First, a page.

row of A and a block column of B to form a rectangular block of C. Pictorially (shown for full, not triangular,

matrices A and B), this looks like:

To implement this using p MPI processes (including the master, which should do real work in addition to

managing the entire computation in this case), you will use the following “ring-pass” approach:

1. The master (only) creates space for the full matrices and initializes A and B as in serial.c.

2. The master then partitions A and C into p block rows each, and it partitions B into p block columns.

3. Next, the master permanently assigns each MPI process (including the master) one block row each of A

and C, and it assigns each MPI process one block column of B as its initial assignment. The master should

use MPI collective operations to distribute the assigned block rows or columns of A and B to each MPI

process. (Each MPI process should allocate its own space for its portion of C.)

4. The computation then proceeds iteratively as follows:

a. Each MPI process does all the computation it can with the data it has in hand.

b. MPI processes then pass their block columns of B to the next higher-ranked MPI process. (MPI

process p-1 passes to MPI process 0.)

c. Repeat until done with the calculation.

5. The master then uses MPI collective operations to assemble the full C matrix by collecting all the block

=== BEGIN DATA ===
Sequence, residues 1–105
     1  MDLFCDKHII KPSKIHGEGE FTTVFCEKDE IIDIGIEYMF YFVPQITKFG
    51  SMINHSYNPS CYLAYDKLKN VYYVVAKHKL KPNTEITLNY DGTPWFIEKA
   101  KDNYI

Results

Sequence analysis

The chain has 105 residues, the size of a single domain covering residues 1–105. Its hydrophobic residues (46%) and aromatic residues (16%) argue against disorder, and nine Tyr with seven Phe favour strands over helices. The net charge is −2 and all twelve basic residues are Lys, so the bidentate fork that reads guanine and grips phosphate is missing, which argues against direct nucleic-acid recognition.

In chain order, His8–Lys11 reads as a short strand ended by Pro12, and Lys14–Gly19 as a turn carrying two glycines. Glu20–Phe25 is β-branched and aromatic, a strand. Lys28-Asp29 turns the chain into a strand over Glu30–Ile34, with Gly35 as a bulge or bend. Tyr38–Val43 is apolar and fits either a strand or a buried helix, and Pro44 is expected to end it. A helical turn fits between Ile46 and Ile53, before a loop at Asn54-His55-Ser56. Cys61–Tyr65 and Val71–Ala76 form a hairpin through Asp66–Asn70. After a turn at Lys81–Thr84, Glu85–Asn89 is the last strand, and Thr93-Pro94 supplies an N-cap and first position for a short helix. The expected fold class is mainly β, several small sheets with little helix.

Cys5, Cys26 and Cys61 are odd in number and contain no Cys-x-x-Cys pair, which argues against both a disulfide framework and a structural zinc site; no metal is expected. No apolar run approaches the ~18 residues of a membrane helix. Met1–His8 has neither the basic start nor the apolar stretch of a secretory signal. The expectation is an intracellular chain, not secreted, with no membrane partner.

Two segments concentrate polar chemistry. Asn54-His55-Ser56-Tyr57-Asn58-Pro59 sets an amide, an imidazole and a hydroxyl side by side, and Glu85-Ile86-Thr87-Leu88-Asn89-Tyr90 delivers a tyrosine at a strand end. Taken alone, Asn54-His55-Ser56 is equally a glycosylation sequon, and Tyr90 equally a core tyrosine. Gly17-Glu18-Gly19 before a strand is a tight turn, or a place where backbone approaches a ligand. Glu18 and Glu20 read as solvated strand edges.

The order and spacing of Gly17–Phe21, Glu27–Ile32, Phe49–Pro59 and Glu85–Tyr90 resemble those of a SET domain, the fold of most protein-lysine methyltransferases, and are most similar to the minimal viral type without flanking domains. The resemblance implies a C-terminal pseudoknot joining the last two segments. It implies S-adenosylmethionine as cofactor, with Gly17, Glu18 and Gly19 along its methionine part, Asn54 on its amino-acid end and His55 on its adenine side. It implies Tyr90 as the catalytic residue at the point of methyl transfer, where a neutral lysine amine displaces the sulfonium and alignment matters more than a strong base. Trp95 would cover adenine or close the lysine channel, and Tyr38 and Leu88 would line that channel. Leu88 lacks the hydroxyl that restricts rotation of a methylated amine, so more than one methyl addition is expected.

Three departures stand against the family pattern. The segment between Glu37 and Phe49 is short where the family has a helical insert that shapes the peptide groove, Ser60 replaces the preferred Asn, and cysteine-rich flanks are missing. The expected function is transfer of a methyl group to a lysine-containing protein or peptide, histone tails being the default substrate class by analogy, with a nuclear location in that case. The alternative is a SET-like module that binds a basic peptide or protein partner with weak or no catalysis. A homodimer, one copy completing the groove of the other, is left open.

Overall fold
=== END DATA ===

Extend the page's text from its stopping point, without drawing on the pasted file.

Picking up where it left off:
rows of C from the other MPI processes.

6. Finally, the master computes the error norm and prints a table similar to the one printed by serial.c.

Notes: You will use various MPI functions in this assignment, but you may not use MPI_Sendrecv().

Except for Task 5, you may assume that N is a multiple of p.

Task 2: Blocking MPI Parallel Program (40 points for CPSC 424; 30 points for CPSC 524)

Part A (25 points for CPSC 424; 15 points for CPSC 524): Implement an MPI program that computes the

product of two triangular matrices using equation (1) and the parallelization approach described above. For Task 2,

you must use MPI’s blocking communication operations (including collectives). Your program should use

exactly p block rows for A, and p block columns for B, where p is the total number of MPI processes (including the

master). For Task 2, each block row or block column should contain N/p consecutive rows or columns. Insert

timing calls to help understand and critique the performance of your program. (Specifically, try to (a) assess load

balance by comparing the times for each MPI process; and (b) distinguish between time spent computing and time

spent communicating for some of the processes.) Run your program on randomly-generated triangular matrices

using N = 1000; 2000; 4000; and 8000, using p = 1, 2, 4, and 8 on one node for each value of N. For each run print a

summary timing/error table similar to that in the serial program. (Do not report the breakdown of the computation

vs. communication times for this part of Task 2, but you will need to do that in the additional test cases below.) For

this part of Task 2, in your report, please discuss the raw performance, scalability, and load balance you observe.

Include per-process timing data sufficient to support your discussion of load balance.

Rows

Cols

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Part B (15 points): For p = 4 and 8 only, using N = 8000 only, make additional runs using 2 and 4 nodes with